Faculty

Lloyd A Goldsamt headshot

Lloyd A Goldsamt

Senior Research Scientist

1 212 998 5720

433 First Avenue
Room 739
New York, NY 10010
United States

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Professional overview

Lloyd A. Goldsamt, Ph.D. is a Senior Research Scientist at the New York University College of Nursing and an Adjunct Professor in NYU’s Steinhardt School of Culture, Education and Human Development. He has conducted NIH-funded research and community-based evaluations for the past 20 years. His primary research area is HIV and STI prevention among high-risk youth populations, including men who have sex with men, male sex workers and injection drug users. He is currently the Principal Investigator on a NIDA/PEPFAR-funded study developing and implementing a sexual health promotion intervention for young male sex workers in Hanoi and Ho Chi Minh City, Vietnam. Dr. Goldsamt has conducted training and program evaluations locally and nationally, focusing on drug courts and community-based organizations working to prevent HIV and drug abuse. He is currently the Evaluator for the Brooklyn Treatment Court and an evaluator on an Office of Juvenile Justice and Delinquency Prevention project developing nationwide Juvenile Drug Court Learning Collaboratives. Dr. Goldsamt is also on the faculty of the Fordham University HIV and Drug Abuse Prevention Research Ethics Training Institute and a licensed clinical psychologist in New York State.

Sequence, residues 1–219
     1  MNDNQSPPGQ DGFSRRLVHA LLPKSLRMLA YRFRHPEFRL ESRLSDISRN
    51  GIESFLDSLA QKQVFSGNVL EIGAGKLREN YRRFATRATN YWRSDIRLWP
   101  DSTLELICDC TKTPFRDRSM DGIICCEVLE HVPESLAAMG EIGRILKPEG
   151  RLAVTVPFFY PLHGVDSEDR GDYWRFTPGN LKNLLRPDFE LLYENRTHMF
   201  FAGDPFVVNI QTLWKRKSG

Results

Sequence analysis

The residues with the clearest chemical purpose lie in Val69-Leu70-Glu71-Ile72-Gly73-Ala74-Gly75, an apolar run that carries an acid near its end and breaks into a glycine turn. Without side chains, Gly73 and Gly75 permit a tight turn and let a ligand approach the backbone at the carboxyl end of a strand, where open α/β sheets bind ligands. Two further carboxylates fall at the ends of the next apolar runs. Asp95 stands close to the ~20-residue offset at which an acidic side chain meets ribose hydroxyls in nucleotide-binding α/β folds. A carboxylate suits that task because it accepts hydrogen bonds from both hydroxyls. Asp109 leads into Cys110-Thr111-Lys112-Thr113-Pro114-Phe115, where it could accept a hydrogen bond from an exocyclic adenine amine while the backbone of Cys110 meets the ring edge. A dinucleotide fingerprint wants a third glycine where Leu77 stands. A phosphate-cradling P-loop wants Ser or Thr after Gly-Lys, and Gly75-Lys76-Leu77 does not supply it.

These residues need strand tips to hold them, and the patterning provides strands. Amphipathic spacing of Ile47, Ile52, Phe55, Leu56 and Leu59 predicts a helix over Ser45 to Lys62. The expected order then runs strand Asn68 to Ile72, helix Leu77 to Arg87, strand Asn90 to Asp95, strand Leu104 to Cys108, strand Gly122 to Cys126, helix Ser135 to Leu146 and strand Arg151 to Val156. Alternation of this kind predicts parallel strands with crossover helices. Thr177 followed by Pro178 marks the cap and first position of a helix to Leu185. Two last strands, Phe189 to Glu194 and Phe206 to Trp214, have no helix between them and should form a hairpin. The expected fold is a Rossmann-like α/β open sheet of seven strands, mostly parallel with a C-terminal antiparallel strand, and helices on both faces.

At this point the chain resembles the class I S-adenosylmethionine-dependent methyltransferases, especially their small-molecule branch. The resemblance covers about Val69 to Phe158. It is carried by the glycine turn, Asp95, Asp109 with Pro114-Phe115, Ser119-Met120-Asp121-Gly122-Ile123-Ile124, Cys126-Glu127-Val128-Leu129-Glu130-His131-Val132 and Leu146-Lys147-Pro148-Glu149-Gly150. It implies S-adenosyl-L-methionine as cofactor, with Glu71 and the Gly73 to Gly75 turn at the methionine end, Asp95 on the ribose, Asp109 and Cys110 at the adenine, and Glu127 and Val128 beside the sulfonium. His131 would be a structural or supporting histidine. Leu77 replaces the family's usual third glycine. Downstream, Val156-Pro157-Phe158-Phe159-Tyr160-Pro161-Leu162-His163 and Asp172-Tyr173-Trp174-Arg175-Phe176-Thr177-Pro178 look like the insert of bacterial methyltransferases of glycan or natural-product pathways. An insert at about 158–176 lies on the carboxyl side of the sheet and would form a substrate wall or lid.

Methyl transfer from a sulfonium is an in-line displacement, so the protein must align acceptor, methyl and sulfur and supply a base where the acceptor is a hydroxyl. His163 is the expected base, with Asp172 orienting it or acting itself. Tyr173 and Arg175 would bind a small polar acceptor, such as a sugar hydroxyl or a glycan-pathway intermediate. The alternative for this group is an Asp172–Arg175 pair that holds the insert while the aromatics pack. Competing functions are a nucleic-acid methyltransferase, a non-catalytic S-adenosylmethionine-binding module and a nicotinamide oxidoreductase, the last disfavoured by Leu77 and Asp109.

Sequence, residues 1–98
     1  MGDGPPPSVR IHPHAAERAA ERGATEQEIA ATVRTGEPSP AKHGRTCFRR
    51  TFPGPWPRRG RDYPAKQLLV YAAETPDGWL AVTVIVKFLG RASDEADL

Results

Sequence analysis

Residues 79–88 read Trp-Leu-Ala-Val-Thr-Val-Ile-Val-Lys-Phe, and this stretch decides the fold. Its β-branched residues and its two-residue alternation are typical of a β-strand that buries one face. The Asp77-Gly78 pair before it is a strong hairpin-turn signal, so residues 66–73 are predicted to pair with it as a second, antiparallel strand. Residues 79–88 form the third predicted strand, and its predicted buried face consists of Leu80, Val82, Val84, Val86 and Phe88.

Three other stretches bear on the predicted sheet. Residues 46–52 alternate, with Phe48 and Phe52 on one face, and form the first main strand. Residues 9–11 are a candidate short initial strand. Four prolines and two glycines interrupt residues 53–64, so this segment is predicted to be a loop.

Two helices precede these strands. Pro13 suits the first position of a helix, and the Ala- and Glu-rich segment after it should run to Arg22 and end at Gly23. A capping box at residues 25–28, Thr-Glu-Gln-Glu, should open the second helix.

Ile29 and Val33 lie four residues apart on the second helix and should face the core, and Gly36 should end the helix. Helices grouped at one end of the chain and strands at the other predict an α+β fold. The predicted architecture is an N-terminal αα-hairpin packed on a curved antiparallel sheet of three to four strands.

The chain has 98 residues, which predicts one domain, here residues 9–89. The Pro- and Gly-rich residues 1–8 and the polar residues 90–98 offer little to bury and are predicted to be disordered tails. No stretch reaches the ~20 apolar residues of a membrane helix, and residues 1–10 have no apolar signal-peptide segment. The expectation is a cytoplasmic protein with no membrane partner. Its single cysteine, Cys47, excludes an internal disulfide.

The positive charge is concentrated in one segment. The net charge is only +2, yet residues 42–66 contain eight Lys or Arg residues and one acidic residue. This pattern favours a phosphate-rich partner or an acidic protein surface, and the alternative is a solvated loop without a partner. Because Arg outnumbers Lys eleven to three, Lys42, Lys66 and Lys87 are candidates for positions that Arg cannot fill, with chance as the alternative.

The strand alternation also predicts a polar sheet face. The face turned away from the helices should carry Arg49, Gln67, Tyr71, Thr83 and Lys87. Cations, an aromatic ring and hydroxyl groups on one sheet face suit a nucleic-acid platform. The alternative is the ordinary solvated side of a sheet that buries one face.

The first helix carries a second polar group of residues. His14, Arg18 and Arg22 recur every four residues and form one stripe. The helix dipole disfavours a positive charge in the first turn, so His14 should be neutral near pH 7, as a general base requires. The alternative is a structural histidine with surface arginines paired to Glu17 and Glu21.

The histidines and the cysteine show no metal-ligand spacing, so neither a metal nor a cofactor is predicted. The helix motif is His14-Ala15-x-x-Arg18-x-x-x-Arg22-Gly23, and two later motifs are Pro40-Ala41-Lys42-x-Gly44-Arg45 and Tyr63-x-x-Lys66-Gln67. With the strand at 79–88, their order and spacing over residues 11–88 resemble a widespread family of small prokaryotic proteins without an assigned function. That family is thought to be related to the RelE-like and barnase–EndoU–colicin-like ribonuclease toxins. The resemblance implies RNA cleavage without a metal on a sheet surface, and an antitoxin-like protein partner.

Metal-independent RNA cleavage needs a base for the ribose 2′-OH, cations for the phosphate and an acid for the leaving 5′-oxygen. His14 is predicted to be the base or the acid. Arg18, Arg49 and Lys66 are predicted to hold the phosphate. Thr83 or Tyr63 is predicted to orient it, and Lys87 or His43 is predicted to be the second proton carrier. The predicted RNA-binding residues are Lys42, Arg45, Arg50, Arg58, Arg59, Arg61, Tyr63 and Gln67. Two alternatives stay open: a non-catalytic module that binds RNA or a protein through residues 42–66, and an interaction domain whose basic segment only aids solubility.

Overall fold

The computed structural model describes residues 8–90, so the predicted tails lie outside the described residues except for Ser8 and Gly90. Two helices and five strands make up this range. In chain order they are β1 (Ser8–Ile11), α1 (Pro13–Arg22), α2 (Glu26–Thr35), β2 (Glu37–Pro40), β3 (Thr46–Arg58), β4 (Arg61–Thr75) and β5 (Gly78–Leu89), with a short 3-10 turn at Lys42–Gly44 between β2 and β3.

Education

B.A., University of Massachusetts
M.A., State University of New York at Stony Brook
Ph.D. in Clinical Psychology, State University of New York at Stony Brook

Honors and awards